On Thursday, 25 November 2021, Liberia joined the rest of the world in officially launching this year’s version of the 16 Days of Activism Against Gender-Based Violence, with resounding calls by multiple speakers for the pressing need for Liberians to act concertedly and immediately in bringing to halt threats posed by gender-based violence.
The 16 Days of Activism Against Gender-Based Violence, an international campaign, is commemorated annually to reinforce, elevate and collaborate efforts intended to put an end to all forms of violence against women and girls, is a global campaign that each year, runs from 25 November, which marks International Day for the Elimination of Violence against Women; to 10 December, International Human Rights Day.
This year, the 16 Days’ campaign is being observed under a global theme: “End Violence Against Women Now!” With
Liberia commemorating same on the local front under a national theme: “Enough is Enough! Let’s Act Now To End Violence Against Women, Girls, Children and Other Marginalized Groups.”
At a program held in the City of Kakata, Margibi County, marking Liberia’s official launch of this year’s 16 Days of Activism, calls by several speakers, were made for all to make strides to nip in the bud, violence against women and girls – and one of such speakers, the country’s Minister of Commerce and Industry, Mawine G. Diggs, stressed that following centuries of existence, now was the time to go beyond workshops and conferences, PowerPoint presentations and email exchanges, speeches and rallies to take firm and concrete actions to end Sexual and Gender-Based Violence (SGBV) against women, girls and marginalized groups.
She explicitly emphasized that Liberia, as a nation that has historically taken the lead on many fronts, its people cannot waiver or lag behind in these fights and efforts as they have always stood as an example for many to follow – therefore, urging that as Liberia celebrates its upcoming bicentennial, Liberians do so keeping in mind that the future of women, girls and other marginalized groups of Liberia rests on the decisions they make, the action they take and the goals they set.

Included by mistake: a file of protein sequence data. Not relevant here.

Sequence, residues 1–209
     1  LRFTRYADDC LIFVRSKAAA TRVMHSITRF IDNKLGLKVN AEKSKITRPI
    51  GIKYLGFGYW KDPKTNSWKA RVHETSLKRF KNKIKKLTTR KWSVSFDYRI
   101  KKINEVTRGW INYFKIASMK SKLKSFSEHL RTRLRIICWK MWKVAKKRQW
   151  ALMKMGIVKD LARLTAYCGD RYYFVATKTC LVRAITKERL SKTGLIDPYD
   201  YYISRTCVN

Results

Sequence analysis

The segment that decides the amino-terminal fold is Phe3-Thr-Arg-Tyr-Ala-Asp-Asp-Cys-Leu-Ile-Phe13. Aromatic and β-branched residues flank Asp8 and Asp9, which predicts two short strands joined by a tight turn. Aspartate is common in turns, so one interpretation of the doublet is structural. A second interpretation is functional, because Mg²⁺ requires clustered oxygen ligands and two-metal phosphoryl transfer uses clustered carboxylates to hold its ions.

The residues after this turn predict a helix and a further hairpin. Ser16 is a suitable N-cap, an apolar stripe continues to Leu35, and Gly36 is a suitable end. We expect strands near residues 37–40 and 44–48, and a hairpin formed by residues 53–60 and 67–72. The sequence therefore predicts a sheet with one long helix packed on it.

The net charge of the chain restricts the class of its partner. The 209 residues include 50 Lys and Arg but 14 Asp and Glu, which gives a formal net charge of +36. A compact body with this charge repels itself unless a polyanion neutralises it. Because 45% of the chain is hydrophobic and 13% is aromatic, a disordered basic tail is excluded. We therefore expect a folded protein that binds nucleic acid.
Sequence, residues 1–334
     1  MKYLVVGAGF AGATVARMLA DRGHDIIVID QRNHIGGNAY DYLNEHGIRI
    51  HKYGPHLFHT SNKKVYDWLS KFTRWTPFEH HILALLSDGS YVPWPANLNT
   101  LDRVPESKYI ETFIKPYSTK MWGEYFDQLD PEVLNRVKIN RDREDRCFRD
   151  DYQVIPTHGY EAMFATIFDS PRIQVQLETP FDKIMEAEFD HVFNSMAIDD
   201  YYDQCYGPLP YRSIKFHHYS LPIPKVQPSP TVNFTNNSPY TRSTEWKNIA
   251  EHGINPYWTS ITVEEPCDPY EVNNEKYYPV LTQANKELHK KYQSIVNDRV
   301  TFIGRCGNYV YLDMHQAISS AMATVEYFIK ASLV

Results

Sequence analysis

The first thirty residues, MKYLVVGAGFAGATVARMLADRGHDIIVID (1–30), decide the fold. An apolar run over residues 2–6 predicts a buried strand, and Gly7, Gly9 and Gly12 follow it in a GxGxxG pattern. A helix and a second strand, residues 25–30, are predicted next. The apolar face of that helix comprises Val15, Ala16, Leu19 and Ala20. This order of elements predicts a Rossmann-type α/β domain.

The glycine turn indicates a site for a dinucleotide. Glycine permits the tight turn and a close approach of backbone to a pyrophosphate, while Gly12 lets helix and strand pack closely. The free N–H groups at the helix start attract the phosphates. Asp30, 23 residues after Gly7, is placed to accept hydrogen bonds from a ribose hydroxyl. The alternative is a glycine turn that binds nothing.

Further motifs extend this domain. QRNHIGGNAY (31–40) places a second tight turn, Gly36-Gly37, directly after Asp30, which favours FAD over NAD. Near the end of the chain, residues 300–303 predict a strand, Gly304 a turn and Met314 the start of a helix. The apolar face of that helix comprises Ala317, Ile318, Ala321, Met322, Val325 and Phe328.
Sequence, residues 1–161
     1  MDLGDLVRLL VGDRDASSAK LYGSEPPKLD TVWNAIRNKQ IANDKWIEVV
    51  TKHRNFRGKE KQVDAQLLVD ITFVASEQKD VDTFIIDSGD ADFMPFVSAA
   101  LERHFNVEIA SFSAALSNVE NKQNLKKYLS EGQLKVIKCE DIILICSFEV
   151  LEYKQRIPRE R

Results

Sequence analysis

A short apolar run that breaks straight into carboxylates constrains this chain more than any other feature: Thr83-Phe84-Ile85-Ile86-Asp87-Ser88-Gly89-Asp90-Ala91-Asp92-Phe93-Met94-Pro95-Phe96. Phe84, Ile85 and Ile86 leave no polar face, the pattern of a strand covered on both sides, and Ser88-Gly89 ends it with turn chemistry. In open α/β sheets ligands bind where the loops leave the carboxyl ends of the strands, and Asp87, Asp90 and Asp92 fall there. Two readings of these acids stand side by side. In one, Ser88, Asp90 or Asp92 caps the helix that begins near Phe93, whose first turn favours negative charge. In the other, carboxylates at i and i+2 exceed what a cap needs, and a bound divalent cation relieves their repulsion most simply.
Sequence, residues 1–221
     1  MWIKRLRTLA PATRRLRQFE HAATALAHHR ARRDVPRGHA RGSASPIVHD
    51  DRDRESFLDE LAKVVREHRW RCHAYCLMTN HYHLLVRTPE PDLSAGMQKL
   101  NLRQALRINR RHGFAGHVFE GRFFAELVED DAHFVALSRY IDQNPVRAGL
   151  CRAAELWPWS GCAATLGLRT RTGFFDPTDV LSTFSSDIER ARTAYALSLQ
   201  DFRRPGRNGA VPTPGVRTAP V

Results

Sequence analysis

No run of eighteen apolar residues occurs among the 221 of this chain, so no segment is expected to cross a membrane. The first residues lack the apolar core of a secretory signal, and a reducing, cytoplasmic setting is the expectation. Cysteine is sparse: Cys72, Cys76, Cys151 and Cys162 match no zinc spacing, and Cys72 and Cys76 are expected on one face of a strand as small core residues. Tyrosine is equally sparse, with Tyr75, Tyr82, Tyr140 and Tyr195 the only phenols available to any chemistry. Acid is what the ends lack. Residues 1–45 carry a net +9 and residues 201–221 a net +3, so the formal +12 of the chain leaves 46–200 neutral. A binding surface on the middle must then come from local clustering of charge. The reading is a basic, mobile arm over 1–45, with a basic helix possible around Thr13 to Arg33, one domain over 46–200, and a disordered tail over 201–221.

Additionally, Diggs called on the Sexual and Gender-Based Violence Unit of the Ministry of Justice to remain vocal in the fight against SGBV in Liberia and further encourage a closer collaboration amongst the Sexual and Gender-Based Violence Unit of the Ministry of Justice, the Women and Children Protection Unit of the Liberia National Police, other State security institutions, and the Ministry of Gender, Children and Social Protection, noting that it is critical as all collectively work to protect, support, advocate and assist all citizens within the bailiwick of Liberia.
Like Commerce Minister Diggs, Deputy Minister of Gender, Children and Social Protection, Hassan Kanneh called on Liberians to join the campaign and engage every sector ensuring that inhumane acts of violence stops or must end now.
Kanneh urged that perpetrators of violence against children and women not be sheltered, warning that absolutely there should be no impunity, condoning, tolerating, resignation and compromises or excuses in the fight against violence against women and children, and that Liberians must work together to ensure that women and girls are given equal opportunities as well as boys to go to school and realize their full potential.
For his part, UN Resident Coordinator, Niels Scott, while applauded the Government and people of Liberia, civil society organizations, the media, private sector and other key stakeholders for amplifying their voices and taking appropriate actions in ensuring the protection of women and girls, boys and men from various forms of violence that continue to creep in the Liberian society unabated, acknowledged that while several gains have been aimed at ending violence against women and girls in Liberia, a lot more still need to be done.
He specifically stressed the need to strengthen primary prevention efforts that he said are transformative in nature and redefine power relations that have often put women and girls in a vulnerable situation at family, community, and institutional levels.
Mr. Scott pointed out that response systems need to be strengthened coupled with timely redress of cases to reduce future crimes of a similar nature.
In a joint statement from the embassies of France, Ireland, Germany, Sweden, United Kingdom, United States of America, ECOWAS Commission and the delegation of the European Union, read by Swedish Ambassador Urban Sjostrom, Liberia’s international partners made it clear that now was the time for all and sundry to act now, stating, “We must act now, we must act together and we must end
The Swedish envoy then called for improved data collection to enhance the collective understanding of the demographics of the problem, urging that Liberia invests in evidence-based violence prevention programs such as school-based interventions with community outreach, combining economic empowerment and gender training, and community mobilization to change social norms.
In lieu of the foregoing, we from SMART NEWS online publication, an institution with vested interest in issues that affect whether positively or negatively, women and girls, as well as other marginalized groups, can do none less but concord with all the speakers at this year’s official launch of the16 Days of Activism Against Gender-Based Violence that like never before, now is the time to nip in the bud, the dehumanizing acts of violence against women and girls, as well as against other marginalized groups in the Liberian society.